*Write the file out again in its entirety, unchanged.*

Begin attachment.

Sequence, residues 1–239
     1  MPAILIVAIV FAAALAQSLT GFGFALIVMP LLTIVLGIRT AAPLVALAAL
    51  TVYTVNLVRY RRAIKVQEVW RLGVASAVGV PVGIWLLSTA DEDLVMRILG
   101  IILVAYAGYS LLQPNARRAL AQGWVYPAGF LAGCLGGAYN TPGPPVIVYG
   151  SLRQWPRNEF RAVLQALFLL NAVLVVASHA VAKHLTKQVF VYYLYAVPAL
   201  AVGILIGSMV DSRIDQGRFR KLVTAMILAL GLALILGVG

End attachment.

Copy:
Sequence, residues 1–239
     1  MPAILIVAIV FAAALAQSLT GFGFALIVMP LLTIVLGIRT AAPLVALAAL
    51  TVYTVNLVRY RRAIKVQEVW RLGVASAVGV PVGIWLLSTA DEDLVMRILG
   101  IILVAYAGYS LLQPNARRAL AQGWVYPAGF LAGCLGGAYN TPGPPVIVYG
   151  SLRQWPRNEF RAVLQALFLL NAVLVVASHA VAKHLTKQVF VYYLYAVPAL
   201  AVGILIGSMV DSRIDQGRFR KLVTAMILAL GLALILGVG